A Second Order of ‘Crap Sandwiches’?

By Natalie Gewargis

Oct 1, 2008 11:52am

Meeting privately with his fellow House Republicans Sunday night, House Minority Leader John Boehner, R-Ohio, infamously described the economic rescue package as a "crap sandwich" that he was nonetheless serving to his members, and asking them to vote for.

Largely, they refrained. The bill failed in the house, 205-228, with 66% of the House GOP caucus voting against it.

The Senate announced last night that it is tonight voting on an version of that bill that Senate leaders — in consultation with Boehner’s office — amended with the hopes of winning more House Republicans when the House takes up the bill again tomorrow or Friday. They are trying to jump start the process, to pressure the House to act.

But some fear that all the Senate is doing is ordering up a different kind of "crap sandwich" — one that will be found distasteful by even more Democrats, winning over few Republicans.

Significantly, neither House Majority Leader Steny Hoyer, D-Maryland, nor House Minority Whip Roy Blunt, R-Mo. — in charge of vote-counting — signed off on this bill.

While the Senate will pass its version of the rescue bill with more than 70 votes, according to Senate sources, Senators have taken the partisan bickering over the rescue bill and added a stalled disagreement over a separate issue — "tax extenders," or extending various tax relief provisions that are due to expire — into the mix.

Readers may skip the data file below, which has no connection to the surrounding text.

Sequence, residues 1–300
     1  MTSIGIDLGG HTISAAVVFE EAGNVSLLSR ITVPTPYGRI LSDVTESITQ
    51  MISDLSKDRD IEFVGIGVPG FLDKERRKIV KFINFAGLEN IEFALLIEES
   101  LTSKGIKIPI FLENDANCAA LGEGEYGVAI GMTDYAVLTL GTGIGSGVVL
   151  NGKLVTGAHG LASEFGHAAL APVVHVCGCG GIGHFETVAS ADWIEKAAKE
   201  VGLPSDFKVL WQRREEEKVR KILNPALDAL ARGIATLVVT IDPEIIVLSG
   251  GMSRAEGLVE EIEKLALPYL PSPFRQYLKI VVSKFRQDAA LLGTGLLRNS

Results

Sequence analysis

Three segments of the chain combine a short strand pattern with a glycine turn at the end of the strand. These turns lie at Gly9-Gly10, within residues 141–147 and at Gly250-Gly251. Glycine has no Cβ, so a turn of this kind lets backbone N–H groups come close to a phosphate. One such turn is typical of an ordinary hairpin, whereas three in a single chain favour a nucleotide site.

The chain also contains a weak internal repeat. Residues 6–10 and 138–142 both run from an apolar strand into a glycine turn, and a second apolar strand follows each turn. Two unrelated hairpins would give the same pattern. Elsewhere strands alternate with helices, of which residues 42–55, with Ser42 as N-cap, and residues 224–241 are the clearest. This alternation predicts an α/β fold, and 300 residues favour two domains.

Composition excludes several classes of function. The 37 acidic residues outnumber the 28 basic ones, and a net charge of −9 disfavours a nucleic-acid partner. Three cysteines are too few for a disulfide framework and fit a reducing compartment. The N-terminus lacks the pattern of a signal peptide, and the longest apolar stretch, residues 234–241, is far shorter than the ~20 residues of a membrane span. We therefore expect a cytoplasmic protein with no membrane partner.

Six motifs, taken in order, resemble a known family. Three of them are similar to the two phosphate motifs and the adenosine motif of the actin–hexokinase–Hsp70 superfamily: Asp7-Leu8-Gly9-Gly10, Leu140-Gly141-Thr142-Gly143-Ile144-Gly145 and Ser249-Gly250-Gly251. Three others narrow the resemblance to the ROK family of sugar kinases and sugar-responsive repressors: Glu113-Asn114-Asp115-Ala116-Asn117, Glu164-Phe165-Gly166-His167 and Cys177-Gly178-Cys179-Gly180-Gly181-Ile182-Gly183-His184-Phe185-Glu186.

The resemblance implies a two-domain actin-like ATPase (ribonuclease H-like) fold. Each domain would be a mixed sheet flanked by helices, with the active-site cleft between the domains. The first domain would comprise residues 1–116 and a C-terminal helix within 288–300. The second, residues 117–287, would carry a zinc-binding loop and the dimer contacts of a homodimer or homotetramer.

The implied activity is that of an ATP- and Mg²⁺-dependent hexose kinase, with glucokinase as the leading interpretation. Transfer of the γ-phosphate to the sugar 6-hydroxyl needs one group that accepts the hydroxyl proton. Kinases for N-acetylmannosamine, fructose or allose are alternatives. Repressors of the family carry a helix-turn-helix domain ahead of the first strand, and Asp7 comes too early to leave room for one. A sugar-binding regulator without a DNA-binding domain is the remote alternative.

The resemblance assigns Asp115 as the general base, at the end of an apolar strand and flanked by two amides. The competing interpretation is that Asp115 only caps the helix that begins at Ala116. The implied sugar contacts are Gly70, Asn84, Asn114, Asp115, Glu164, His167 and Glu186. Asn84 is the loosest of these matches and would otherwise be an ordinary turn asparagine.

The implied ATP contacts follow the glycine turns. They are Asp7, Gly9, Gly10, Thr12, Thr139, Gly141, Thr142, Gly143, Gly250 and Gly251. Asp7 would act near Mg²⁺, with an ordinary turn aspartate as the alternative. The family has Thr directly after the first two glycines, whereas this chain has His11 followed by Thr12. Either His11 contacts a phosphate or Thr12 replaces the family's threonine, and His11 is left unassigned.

Many House Republicans like the addition of tax extenders. So it’s possible that some of the 133 Republicans who voted against the bill will join the 65 who voted for it.

But some conservative Democrats have expressed serious concerns about the fact that extending these tax cuts is not being paid for in the budget. Adding the provision may attract House Republicans, but it could alienate these fiscally-conscious Democrats, causing them to abandon the 140 House Democrats who voted for the bill to join the 95 who voted against it.

Will this Senate move be like throwing a bucket of water or a bucket of kerosene onto the smoldering embers of the rescue bill?

The Senate version of the rescue, with its tax bill attached, is certainly geared more at gaining Republican votes than Democratic ones. In fact, look for some fiscally conservative Democrats to jump ship.

Witness the paper statement House Speaker Nancy Pelosi, D-Calif., issued last night about the Senate vote, released last night.

She did not send an "attaboy Harry" over to Senate Majority Leader Harry Reid, D-Nev.

Instead, she offered the tepid, "The Congress will work its will."

**

To the extent that there is a third party in the Congress, it’s the Blue Dogs, 47 conservative and moderate Democrats that insist on fiscal responsibility. Usually the Blue Dogs are united on spending measures and they carry a great weight in the House, where Democrats can’t pass anything without their say-so.

Blue Dogs were split on the rescue bill — 26 for and 21 against.